Never judge a book by its cover goes the old saying, and one I usually agree with, but exceptions can always be made, and The Sea, The Sea ended up on my reading pile thanks primarily to its cover - simplicity and curly waves.
Thankfully, neither the cover, nor the title let me down, and within the first few pages I was hooked on the quirky, ponderous descriptions of the ocean. The first section of the book is called "Prehistory" and will prove a stumbling block for many readers who don't delight in detail and description: the house, the coast, daily routines and every meal seem to be covered. Bar the sea-monster sighting - or is it an hallucination? - nothing "happens" in the first 97 pages, but our narrator, Charles Arrowby, tells us a great deal about himself, and thus the stage is set for the main act.
The second part (and bulk) of the novel is "History" and it must be said that the pace picks up considerably. Having left his successful theatrical life behind him, Charles has retired to a dilapidated house by the sea for complete solitude, but the living skeletons from his closet begin leaping out all over the place. The realms of probability are stretched to the limit as eccentric ex-showbiz type characters fall over themselves to appear in melodramatic circumstances, and no less fantastical is the appearance of Arrowby's long lost childhood sweetheart. The story recounts his increasingly desperate and far-fetched attempts to win her back, whilst juggling jealous ex-lovers, with a little murder and mayhem thrown in for good measure.
Eventually, in "Life Goes On", his own post-script, Arrowby brings us up to date with the stories of the colourful characters still left... and there's nothing ordinary here either. Meanwhile he continues to fantasise on what might have been, as he fades into obscurity: "Last night someone on a BBC quiz did not know who I was."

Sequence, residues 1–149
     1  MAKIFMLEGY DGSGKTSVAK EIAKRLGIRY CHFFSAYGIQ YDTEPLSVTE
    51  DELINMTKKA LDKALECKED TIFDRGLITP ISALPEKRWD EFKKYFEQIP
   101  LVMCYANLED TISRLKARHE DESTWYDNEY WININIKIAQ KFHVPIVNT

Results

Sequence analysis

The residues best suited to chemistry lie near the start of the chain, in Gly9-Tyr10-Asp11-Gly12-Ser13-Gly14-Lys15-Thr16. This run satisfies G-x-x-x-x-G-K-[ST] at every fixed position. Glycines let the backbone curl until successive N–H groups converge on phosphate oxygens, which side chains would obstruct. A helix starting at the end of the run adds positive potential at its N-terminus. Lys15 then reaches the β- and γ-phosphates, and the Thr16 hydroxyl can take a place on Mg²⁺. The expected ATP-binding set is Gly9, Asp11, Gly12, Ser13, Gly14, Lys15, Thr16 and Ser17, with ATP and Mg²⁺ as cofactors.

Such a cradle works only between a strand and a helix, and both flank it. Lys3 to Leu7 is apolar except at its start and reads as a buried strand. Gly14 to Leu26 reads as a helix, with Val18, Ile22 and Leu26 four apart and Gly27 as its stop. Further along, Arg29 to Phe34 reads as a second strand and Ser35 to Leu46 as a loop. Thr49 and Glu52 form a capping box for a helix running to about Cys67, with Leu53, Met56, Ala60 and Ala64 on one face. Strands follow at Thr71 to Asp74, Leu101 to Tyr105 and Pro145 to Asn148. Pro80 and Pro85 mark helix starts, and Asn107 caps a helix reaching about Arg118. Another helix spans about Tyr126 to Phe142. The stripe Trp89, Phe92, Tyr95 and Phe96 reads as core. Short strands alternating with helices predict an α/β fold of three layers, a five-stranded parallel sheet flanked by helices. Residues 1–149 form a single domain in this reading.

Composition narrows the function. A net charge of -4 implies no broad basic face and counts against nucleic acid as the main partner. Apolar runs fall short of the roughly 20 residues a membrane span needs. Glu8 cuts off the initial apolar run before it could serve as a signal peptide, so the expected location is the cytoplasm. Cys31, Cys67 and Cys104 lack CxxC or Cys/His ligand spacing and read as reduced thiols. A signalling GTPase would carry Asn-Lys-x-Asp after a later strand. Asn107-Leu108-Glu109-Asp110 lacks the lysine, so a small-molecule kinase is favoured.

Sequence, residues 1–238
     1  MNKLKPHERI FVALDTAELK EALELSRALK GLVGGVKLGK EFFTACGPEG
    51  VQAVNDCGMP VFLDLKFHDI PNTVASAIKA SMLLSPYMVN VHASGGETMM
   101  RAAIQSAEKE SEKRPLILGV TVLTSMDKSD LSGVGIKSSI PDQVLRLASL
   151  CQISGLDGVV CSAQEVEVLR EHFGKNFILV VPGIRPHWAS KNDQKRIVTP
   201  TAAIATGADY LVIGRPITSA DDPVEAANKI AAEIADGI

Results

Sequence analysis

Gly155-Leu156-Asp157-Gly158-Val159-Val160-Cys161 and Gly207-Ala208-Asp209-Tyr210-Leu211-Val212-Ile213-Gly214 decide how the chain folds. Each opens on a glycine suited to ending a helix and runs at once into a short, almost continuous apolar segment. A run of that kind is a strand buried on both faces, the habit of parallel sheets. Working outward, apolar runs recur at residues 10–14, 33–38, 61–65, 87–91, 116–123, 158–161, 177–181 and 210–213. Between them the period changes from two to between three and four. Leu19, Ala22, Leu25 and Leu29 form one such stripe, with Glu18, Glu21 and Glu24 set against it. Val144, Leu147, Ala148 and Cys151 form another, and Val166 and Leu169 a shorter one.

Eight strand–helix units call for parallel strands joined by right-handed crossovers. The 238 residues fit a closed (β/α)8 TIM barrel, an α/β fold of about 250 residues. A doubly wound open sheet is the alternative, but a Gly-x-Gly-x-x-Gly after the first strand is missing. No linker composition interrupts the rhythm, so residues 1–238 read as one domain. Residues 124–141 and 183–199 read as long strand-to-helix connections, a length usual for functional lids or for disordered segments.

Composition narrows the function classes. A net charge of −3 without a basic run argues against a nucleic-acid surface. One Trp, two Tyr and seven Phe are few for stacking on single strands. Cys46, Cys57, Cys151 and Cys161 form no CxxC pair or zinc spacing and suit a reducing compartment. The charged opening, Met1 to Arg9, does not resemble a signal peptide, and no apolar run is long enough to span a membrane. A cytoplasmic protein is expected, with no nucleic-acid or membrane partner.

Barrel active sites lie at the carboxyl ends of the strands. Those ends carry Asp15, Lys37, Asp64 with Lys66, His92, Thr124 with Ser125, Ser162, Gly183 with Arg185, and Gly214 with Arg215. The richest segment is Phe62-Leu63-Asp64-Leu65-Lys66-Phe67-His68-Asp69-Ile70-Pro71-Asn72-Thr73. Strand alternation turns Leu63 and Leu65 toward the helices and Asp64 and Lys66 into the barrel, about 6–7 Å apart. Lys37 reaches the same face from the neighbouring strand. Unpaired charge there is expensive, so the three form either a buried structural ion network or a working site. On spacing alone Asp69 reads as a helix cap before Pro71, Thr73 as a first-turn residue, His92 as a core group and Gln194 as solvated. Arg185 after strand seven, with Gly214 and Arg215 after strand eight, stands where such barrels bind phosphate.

It's impossible to summarise this novel, rich and packed as it is with themes and emotions. Everything about it is larger than life - and it does have a sense of theatrical farce about it - and wouldn't the self-serving memoirs of a retired theatre director be just that? Arrowby exposes himself as obsessive, manipulative and selfish in the extreme, wanting the best of all worlds, yet remains oddly likeable: no mean feat. There's also a seam of dark humour here, intertextuality via Shakespeare, and an undercurrent of the supernatural.
Readers who like novels that can be unpicked; novels that throw out questions rather than give answers; novels that are ambitious almost to absurdity, will no doubt find The Sea, The Sea as enthralling and compulsive a read as I did.
NB: John Burnside's thoughtful introduction in this Vintage Classics edition offers a way into the text from a spiritual slant, and is best read afterwards.